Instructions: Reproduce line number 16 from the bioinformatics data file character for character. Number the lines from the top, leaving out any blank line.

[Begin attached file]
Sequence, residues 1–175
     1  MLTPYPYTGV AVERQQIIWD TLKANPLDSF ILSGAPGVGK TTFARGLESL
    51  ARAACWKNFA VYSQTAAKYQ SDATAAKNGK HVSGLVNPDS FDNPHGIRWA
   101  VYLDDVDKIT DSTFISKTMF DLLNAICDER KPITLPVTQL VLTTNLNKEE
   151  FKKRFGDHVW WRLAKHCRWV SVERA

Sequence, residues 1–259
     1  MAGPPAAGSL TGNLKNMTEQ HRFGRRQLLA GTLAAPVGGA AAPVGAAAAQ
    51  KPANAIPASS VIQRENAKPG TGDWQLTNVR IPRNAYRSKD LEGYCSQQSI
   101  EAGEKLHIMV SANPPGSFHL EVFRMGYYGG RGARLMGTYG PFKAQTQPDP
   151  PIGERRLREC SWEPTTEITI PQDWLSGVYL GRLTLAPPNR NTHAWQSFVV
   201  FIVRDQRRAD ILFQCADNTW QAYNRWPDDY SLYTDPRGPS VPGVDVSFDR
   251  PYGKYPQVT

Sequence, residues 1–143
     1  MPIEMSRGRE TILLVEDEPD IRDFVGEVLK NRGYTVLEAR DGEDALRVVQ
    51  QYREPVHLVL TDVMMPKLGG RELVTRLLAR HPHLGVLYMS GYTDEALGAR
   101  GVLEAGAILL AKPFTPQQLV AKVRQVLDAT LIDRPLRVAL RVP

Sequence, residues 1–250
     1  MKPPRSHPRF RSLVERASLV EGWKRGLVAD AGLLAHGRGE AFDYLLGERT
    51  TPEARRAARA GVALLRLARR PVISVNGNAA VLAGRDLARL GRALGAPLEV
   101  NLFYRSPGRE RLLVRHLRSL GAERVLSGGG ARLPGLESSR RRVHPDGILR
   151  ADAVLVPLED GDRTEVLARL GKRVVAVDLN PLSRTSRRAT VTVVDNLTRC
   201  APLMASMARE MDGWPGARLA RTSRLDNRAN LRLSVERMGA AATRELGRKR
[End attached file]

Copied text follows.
   101  GVLEAGAILL AKPFTPQQLV AKVRQVLDAT LIDRPLRVAL RVP